In a January 12 article, Anticipation Requires More Than A Reference That Discloses All The Elements, we discussed the Microsoft Corp v. Biscotti, Inc. case, where the Federal Circuit affirmed a decision of the PTAB finding that combining “multiple, distinct teachings” across embodiments, albeit within the four corners of a single document, was insufficient to anticipate a claim. The PTAB’s recent decision in Unified Patents Inc. v. Intellectual Ventures I LLC, Case IPR2016-01643, Paper 51 (PTAB March 26, 2018), provides a contrasting case example, in which the PTAB found that disclosure of claim elements across embodiments in a single reference was indeed sufficient to anticipate a claim.

In Unified Patents, the Petitioner asserted that a certain 1994 article discussing caching strategies (the “Karedla” reference) anticipated independent claim 4 of U.S. Patent No. 6,775,745 (“the ‘745 patent). Claim 4 of the ‘745 patent recited, inter alia, limitations requiring “reading an extended segment of data,” and “scanning the frequency factors.” The Petitioner argued, and the PTAB agreed, that Karedla’s description of a read-ahead strategy for caching known as prefetching was sufficient to disclose the “reading an extended segment of data” limitation. Paper 51, at 21-22. The Petitioner also argued, and the PTAB agreed, that Karedla’s description of a frequency-based LRU algorithm, which partitioned something known as the least-recently-used (LRU) stack into three sections, sufficiently disclosed the “scanning the frequency factors” limitation. Id. at 25-26. The Patent Owner, however, challenged the reading of Karedla’s disclosure of the read-ahead strategy together with its disclosure of the frequency-based LRU algorithm, arguing that the concepts were described by Karedla in different embodiments, and thus it would be improper to read them together to anticipate claim 4.

The PTAB disagreed with Patent Owner. Citing the legal standard relied upon in Kennametal, Inc. v. Ingersoll Cutting Tool Co., 780 F.3d 1376, 1382 (Fed. Cir. 2015), the PTAB explained that Karedla would be anticipatory if combining the use of the read-ahead strategy together with the frequency-based LRU algorithm would “be immediately apparent to one of ordinary skill in the art.” Id. at 29. The PTAB found that this test was met.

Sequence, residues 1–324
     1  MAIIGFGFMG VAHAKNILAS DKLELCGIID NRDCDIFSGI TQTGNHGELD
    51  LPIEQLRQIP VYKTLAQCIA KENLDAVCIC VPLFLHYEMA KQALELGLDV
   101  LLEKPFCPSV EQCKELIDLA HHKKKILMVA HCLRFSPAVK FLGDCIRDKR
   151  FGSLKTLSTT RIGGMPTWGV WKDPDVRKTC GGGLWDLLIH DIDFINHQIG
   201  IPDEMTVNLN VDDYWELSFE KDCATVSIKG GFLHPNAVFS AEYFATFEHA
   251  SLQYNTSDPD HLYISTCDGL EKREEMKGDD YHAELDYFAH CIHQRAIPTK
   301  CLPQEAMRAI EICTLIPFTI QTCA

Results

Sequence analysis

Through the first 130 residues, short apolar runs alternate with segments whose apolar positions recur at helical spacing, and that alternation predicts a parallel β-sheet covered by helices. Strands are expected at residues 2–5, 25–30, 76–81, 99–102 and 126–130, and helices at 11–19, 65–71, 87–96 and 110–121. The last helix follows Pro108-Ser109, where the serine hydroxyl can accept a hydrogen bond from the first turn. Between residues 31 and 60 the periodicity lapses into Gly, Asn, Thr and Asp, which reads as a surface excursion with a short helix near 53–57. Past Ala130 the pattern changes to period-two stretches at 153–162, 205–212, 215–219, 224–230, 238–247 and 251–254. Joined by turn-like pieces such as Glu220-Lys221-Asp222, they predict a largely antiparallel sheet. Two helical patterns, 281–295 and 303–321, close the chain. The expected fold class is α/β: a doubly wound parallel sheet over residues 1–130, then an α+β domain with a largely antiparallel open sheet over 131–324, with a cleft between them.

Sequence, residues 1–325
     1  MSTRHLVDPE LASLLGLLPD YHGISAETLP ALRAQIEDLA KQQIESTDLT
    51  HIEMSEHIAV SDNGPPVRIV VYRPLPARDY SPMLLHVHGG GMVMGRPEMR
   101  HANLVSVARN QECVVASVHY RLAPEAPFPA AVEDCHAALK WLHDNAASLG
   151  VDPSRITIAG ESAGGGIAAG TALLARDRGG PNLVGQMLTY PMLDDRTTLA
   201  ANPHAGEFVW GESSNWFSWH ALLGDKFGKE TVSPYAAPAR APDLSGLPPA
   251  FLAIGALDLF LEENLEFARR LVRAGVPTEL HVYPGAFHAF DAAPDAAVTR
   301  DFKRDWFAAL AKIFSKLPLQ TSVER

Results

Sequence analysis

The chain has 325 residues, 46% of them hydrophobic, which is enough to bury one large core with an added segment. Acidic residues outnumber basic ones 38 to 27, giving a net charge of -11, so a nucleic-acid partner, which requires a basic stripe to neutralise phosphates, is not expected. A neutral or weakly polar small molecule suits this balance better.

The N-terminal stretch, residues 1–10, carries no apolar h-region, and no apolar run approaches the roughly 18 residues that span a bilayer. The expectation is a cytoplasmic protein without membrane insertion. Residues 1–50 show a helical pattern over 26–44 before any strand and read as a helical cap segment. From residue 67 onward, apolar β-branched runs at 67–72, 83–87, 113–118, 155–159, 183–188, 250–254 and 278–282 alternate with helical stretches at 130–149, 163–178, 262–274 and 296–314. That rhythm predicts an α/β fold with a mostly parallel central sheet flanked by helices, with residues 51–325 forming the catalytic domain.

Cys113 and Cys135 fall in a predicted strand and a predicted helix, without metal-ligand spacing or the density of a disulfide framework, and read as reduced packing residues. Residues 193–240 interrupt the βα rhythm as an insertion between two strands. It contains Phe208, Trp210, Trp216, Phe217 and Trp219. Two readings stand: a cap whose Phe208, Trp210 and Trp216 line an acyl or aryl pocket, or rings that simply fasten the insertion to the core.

The PTAB first noted that in the same section of Karedla disclosing the LRU algorithm, Karedla also observed “a growing trend among vendors toward algorithms that adapt to changing access patterns. These algorithms generally are combinations of LRU, LFU, and read-ahead strategies, with varying thresholds on the amount of data that is prefetched.” Id. at 29 (emphasis added).

The Patent Owner argued that Karedla’s single statement about a growing trend of combining LRU with read-ahead strategies was insufficient, as Karedla failed to disclose any implementation details of such a combination. Rejecting the Patent Owner’s argument, the PTAB instead gave credence to the Petitioner’s expert’s testimony, which stated:

[O]ne of ordinary skill in the art would find Karedla’s disclosure of reading ahead to prefetch additional blocks of data and storing the data in larger cache lines satisfies the element “reading extended segments of data.” Further, it is common to use these strategies with a cache. Indeed, Karedla explains that “[replacement] algorithms generally are combinations of LRU, LFU, and read-ahead strategies, with varying thresholds on the amount of data that is prefetched.” In reading the disclosure of Karedla, the PTAB found, a person of ordinary skill in the art “would immediately envisage applying the read-ahead strategy to the LRU algorithms.

Id. at 30-31 (emphasis added).

Importantly, PTAB noted that Karedla disclosed only “a limited number of caching strategies to improve disk system performance.”[1] Id. at 30. Taking into account the disclosure of the combination in the Karedla reference itself and the testimony of Petitioner’s expert that it was common to combine these strategies, the PTAB concluded that “a skilled artisan would at once envisage using a read-ahead strategy with a variation on LRU algorithm, such as the frequency-based LRU algorithm of Karedla.” Id. at 31.

This case teaches practitioners advancing anticipation grounds the importance of not only identifying each limitation as disclosed in the four corners of a prior art reference, but also providing a sufficiently detailed explanation of why various disclosures from a single prior art reference should be read together. Preferably, practitioners should provide teachings from the reference itself and also bolster those teachings through the testimony of an expert.